CRE Recovery 'in Early 2011'
A recent report puts some positive light into the future of the commercial market, contrary to some 2009 predictions that commercial real estate asset deterioration represented the next big crisis waiting to happen. The 2010 Real Estate Forecast of Grubb & Ellis Co. Santa Ana, Cal., indicates that 2010 commercial real estate fundamentals will decline more slowly than in 2009, with most property types reaching bottom near the end of the year and beginning a slow recovery starting in 2011.
"The national economy has begun a slow and cautious recovery, but the labor market, which often lags the broader economy, will turn around only gradually with sustained improvement unlikely before the second half of 2010. Because commercial real estate lags the labor market, it still has a ways to go before reaching its own low point," said Bob Bach, senior vice president, chief economist of Grubb & Ellis. "The good news is that the freefall we saw in 2009 is over and the future is more certain, giving owners and users of real estate the confidence to begin making decisions again."
The company said the investment market, which saw transaction volume maintain artificially low levels in 2009 as banks, CMBS servicers and other lenders delayed working through distressed assets, will start to see some of these assets finally come to market in 2010, prompting an increase in sales volume of 20% to 30% over 2009 levels. Prices, already down 40% from their peak in October 2007, may decline another 10% to 20% in order to meet buyers' expectations.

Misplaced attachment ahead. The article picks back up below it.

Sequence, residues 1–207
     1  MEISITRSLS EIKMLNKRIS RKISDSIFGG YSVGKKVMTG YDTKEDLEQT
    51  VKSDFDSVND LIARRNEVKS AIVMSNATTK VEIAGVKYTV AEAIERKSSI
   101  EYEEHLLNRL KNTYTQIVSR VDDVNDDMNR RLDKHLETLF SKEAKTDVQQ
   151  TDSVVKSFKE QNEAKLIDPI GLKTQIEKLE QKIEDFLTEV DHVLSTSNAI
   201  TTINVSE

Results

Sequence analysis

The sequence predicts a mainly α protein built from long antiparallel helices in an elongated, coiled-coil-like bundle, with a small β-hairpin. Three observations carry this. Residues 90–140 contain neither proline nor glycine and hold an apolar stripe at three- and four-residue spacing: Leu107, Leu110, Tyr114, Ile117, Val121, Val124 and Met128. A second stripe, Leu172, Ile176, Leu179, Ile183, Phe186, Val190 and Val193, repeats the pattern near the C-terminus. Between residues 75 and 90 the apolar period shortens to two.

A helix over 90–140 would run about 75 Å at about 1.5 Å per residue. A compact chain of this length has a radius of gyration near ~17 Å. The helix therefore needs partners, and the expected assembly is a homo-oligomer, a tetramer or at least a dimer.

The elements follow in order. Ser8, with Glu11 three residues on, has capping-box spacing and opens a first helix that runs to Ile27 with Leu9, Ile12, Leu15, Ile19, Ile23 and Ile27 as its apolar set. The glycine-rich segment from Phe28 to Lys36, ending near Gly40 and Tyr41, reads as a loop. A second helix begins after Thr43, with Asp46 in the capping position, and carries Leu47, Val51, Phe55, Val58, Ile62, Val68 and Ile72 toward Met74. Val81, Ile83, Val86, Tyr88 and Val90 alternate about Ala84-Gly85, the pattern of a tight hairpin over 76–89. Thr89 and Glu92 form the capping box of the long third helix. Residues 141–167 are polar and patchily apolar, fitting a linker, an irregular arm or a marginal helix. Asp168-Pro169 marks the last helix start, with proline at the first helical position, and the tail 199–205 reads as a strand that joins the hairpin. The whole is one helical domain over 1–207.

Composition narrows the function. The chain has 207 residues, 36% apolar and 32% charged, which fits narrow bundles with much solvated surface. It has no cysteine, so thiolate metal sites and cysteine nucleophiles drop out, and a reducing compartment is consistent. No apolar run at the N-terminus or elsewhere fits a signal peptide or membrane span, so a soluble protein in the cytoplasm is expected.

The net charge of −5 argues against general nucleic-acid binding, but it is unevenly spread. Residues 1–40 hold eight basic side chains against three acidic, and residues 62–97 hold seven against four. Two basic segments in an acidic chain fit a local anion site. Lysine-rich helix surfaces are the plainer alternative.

"Many have called commercial real estate 'the next shoe to drop,' but that's really an exaggeration," said Mr. Bach.
"It implies that commercial real estate could wreak damage on the financial system equivalent to the subprime residential mortgage losses, which is highly unlikely because the value of outstanding commercial mortgages is a fraction of the value of outstanding residential mortgages. Nevertheless, losses will mount over the next several years. If banks aren't lending because they're coping with losses in their real estate portfolios, this could impede the economic recovery."
Overall, the fact that banks likely will begin writing off their losses on distressed assets in 2010 means that the capital accumulating on the sidelines will start being deployed, and highly leveraged buildings, many without the capital necessary to attract tenants, will transfer to new ownership, removing what was a major impediment to recovery in the investment market, according to Grubb & Ellis.